Retail supply chain study paints an optimistic outlook for future growth
March 08, 2012
As the economy continues to gradually show signs of improvement, retail-based shippers are being proactive in shifting from cost-cutting to growth. That was one of the main findings of the Third Annual State of the Retail Supply Chain report by The Retail Industry Leaders Association (RILA) and Auburn University, which was released today. The report was sponsored by Accenture Consulting.
Data findings and takeaways of the report were based on interviews with roughly 200 retail supply chain executives.
Some of the report’s primary findings included:
-an emphasis on a balanced service/cost strategy and stronger cross-channel alignment, with the top retailers realizing that efficiency, effectiveness, and alignment are key in succeeding in a multi-channel retail environment;
-the ability to manage demand shifts from in-store to online and mobile methods;
-retailers collapsing their supply bases to fewer manufacturing points
In one clear sign that the economy is picking up steam, the report found that 64 percent of its respondents are projecting higher revenues in 2012 compared to 2011, with only two percent calling for a decline in revenue. And it also noted that the biggest areas where retail shippers will invest are software & technology, process improvement; new facilities, upgrading facilities, management development, and workforce training.
“After a very trying downturn, the current level of enthusiasm and confidence among retail supply chain executives was refreshing,” said Brian J. Gibson, Ph.D., professor, Auburn University, on a TweetChat hosted by RILA.
When asked to describe their supply chain strategy and strategic emphasis for the upcoming year, a balanced strategy—between cost and customer service—came out on top for the second straight year, according to respondents. Rounding out the top three were supporting growth and customer service.
Another key area was multi-channel dexterity, which stems in large part from the ongoing advent of e-commerce sales, which grew by more than 15 percent to $35.3 billion this past holiday season, according to data from Forrester Research. And with Forrester calling for U.S. e-commerce sales to grow ten percent annually, the report explained that with increased e-commerce activity come more related challenges for the retail supply chain.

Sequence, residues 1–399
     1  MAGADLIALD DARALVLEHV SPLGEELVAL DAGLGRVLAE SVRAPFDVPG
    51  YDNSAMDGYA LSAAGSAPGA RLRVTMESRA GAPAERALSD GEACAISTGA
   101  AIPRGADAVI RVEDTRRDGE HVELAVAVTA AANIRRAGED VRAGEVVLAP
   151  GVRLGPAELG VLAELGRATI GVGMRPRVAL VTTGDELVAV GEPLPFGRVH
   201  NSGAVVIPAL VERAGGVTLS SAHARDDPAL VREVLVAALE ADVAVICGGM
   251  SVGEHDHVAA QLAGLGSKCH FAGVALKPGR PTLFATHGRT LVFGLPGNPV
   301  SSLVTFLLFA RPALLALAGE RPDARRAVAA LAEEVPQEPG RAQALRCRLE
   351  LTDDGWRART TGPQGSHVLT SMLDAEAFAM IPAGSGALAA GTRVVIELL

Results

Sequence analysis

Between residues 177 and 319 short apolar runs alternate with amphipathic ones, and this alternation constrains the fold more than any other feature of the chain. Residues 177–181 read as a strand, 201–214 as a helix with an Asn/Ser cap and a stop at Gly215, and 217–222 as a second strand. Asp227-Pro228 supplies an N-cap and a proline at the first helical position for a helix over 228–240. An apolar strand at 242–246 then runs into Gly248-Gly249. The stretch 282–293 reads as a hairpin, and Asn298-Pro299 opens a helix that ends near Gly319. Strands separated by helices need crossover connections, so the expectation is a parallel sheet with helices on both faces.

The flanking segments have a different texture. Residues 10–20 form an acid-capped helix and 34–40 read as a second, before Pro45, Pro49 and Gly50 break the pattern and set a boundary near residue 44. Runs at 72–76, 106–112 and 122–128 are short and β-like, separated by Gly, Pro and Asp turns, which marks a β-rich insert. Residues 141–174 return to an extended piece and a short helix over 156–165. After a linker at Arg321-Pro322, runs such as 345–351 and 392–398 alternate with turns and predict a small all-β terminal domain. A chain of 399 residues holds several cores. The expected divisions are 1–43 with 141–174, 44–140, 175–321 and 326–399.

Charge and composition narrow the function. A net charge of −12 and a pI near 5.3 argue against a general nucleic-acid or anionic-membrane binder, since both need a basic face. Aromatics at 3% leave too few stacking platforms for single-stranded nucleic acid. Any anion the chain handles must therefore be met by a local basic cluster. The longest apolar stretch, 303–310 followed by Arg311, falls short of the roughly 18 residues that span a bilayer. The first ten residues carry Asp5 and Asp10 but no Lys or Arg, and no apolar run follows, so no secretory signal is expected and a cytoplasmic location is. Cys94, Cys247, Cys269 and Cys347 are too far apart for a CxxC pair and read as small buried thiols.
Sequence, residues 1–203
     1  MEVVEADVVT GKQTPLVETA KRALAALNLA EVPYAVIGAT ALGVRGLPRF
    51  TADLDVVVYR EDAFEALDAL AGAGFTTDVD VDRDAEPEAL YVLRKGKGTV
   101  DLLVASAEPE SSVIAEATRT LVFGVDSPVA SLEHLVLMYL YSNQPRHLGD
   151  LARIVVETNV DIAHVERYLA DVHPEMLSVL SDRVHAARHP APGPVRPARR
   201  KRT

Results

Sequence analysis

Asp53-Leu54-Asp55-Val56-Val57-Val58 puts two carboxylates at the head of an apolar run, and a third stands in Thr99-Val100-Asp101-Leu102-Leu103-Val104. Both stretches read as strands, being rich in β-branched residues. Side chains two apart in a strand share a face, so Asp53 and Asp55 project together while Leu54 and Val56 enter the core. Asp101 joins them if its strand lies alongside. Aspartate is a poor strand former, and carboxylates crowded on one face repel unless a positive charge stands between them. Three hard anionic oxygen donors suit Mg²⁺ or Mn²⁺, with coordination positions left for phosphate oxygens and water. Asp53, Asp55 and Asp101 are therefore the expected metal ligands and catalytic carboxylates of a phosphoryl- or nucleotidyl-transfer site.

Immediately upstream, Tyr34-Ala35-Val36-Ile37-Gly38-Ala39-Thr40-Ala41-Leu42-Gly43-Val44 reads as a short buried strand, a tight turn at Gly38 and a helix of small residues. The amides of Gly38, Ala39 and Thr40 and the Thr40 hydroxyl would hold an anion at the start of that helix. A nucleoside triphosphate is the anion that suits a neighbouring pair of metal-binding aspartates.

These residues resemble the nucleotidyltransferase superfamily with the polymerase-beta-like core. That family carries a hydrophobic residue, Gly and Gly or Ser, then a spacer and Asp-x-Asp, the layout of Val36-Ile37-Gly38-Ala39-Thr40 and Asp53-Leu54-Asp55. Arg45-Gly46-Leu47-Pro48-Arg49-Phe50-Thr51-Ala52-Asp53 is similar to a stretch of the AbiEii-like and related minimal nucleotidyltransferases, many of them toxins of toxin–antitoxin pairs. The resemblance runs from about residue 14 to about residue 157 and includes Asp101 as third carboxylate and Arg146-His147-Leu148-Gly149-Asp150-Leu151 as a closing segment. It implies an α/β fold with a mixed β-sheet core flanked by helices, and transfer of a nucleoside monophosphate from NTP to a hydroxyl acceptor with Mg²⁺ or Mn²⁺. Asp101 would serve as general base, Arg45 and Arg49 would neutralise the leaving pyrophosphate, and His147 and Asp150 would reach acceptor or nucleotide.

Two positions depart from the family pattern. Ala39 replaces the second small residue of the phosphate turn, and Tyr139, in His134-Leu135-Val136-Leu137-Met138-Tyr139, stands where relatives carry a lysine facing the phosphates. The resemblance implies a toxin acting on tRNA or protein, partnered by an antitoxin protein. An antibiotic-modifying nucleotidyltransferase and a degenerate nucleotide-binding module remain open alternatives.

These challenges include things like shipment size variation, order filling processes and delivery methods, and an inconsistent SKU mix of multi-channel retailers, with less than 18 percent of respondents saying they offer the same SKUs across channels.
“Multichannel e-commerce is here to stay,” said Casey Chroust, RILA EVP of Operations, on the TweetChat. “Retailers recognize this evolution is one they need to integrate into their supply chain operations.”
The topic of how global supplier bases have become for retailers over the last decade was made clear in the report and is something which is expected to continue.
What’s more, the findings indicated that while sourcing in China is expected to remain constant, surveyed retail supply chain executives said they anticipate a 5-to-6 percent loss of domestic sourcing to countries other than China. The report’s authors explained that this trend has led to retail shippers strategically consolidating suppliers in order to manage risk associated with supplier underperformance.
As for the future of global sourcing, the report revealed that while non-domestic sourcing of product and support services will continue to grow in the next few years, China may not end up being the “focal point” for expansion. Pacific Rim at 30 percent and Southeast Asia and at 20 percent are expected to account for half of all new sourcing over the next five years, with North America and South & Central America expected to account for about 45 percent over the same period.
The top reasons for these sourcing location shifts were rising wages, supply chain risk, labor shortages, and rising transport rates. But interestingly the report pointed out that these geographic shifts have to do with suppliers’ opportunistic moves to avoid problems, with retailer desire for nearshoring not the main driver.
“The potential for nearshoring still isn’t as big as originally, while there is some shifting of global sources,” said Gibson.
But Chroust noted that retailers are still interested in nearshoring due to its ability to shorten order time cycles and potentially reduce supply chain costs.
While the retail supply chain becomes more complex, the need to readily available accurate information is vital. This is where the role of technology comes into play, with the report showing that software and technology spending was the number one supply chain investment category in 2011, which was a 30 percent annual increase.
And more than 83 percent of surveyed retail supply chain shippers said they plan to maintain or increase current IT spending levels. The top four technology-related deployment areas, noted the report, are inventory management, warehouse management, demand planning, and transportation management.
“Retailers are continuing to invest in software and technologies that improve supply chain planning, execution, and integration,” said Gibson.
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